Companies put considerable time and money into branding and logo design, so it’s understandable that they want these to be widely seen. A website offers the perfect opportunity to do this, but remember that it should offer your visitors something too.
When we build websites, we sometimes find that clients want a large company logo to appear on the home page, but is this the best idea? Will it help visitors to instantly recognise your brand and embed its logo in their mind, or will it leave them thinking they’re being bombarded with advertising at the expense of valuable content?
Perhaps we should look at how much prominence some of the most recognisable companies and organisations give to their logos. As an example, here are screenshots from the home pages of websites belonging to three brands we all know well:
Note that all three of these household names don’t try to hit you with a big, in-your-face logo the second you arrive. Instead, they bear a small company logo somewhere near the top left. They’re not just there as logos either, but to direct you back to the home screen when clicked or tapped.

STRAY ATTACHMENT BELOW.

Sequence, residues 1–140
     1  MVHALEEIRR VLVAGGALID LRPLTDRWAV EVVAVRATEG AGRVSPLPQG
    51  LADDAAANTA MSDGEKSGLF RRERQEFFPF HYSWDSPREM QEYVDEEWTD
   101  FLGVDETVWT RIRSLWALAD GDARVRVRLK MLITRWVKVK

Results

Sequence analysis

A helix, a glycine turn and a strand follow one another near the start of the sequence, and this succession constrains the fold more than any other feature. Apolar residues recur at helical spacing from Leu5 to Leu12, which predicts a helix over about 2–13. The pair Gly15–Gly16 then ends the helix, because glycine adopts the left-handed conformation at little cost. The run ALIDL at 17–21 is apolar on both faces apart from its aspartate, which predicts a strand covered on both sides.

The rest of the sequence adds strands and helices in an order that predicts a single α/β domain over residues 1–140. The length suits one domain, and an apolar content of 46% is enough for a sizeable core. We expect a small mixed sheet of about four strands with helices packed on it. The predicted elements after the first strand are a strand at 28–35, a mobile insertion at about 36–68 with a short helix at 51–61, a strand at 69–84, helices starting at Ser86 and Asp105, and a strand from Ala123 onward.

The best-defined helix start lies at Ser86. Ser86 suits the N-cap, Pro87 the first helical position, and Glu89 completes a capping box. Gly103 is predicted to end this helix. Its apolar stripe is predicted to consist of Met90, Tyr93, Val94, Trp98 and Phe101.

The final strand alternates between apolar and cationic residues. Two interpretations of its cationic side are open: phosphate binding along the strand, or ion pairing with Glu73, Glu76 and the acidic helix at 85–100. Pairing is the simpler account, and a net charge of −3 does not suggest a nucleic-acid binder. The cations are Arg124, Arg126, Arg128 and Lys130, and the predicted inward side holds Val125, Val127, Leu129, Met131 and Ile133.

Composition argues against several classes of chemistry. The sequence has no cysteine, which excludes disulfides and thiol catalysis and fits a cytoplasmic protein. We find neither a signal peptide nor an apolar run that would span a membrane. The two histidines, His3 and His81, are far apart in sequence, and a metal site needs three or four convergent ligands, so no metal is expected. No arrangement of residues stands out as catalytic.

Rather than an enlarged company emblem, these three home pages devote most of their space to what the companies do. In the BBC’s case, that means news, whereas with McDonald’s and Apple, it’s new products and services. Of course, these will change regularly too, unlike their logos, which means the immediate appearance of these home pages won’t remain static.
Also remember that most online traffic is now mobile, so that’s all the more reason not to clog up small smartphone screens with a bulky, imposing logo. If you do that, is the visitor really going to be tempted to scroll down any further?
That’s not to say that branding isn’t a vital part of a website, though. Consistent use of brand colours and font can help drive recognition, and when backed with quality content written in a uniform tone of voice, it should mean that a subtle logo is quite enough to drive the message home.